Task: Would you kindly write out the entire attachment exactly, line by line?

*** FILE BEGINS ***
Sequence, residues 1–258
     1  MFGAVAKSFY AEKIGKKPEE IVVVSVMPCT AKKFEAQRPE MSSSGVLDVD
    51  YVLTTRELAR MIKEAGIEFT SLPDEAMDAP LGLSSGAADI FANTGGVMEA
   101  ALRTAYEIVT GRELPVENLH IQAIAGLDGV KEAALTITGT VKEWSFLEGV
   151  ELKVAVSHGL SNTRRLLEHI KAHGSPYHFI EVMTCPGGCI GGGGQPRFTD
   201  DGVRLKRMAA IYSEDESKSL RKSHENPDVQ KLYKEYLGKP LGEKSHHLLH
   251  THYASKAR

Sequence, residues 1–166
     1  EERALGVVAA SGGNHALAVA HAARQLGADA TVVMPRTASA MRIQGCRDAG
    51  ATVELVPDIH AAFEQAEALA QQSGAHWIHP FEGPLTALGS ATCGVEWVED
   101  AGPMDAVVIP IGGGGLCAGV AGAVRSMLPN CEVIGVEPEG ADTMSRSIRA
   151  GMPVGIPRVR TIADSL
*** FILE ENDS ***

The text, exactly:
Sequence, residues 1–258
     1  MFGAVAKSFY AEKIGKKPEE IVVVSVMPCT AKKFEAQRPE MSSSGVLDVD
    51  YVLTTRELAR MIKEAGIEFT SLPDEAMDAP LGLSSGAADI FANTGGVMEA
   101  ALRTAYEIVT GRELPVENLH IQAIAGLDGV KEAALTITGT VKEWSFLEGV
   151  ELKVAVSHGL SNTRRLLEHI KAHGSPYHFI EVMTCPGGCI GGGGQPRFTD
   201  DGVRLKRMAA IYSEDESKSL RKSHENPDVQ KLYKEYLGKP LGEKSHHLLH
   251  THYASKAR

Sequence, residues 1–166
     1  EERALGVVAA SGGNHALAVA HAARQLGADA TVVMPRTASA MRIQGCRDAG
    51  ATVELVPDIH AAFEQAEALA QQSGAHWIHP FEGPLTALGS ATCGVEWVED
   101  AGPMDAVVIP IGGGGLCAGV AGAVRSMLPN CEVIGVEPEG ADTMSRSIRA
   151  GMPVGIPRVR TIADSL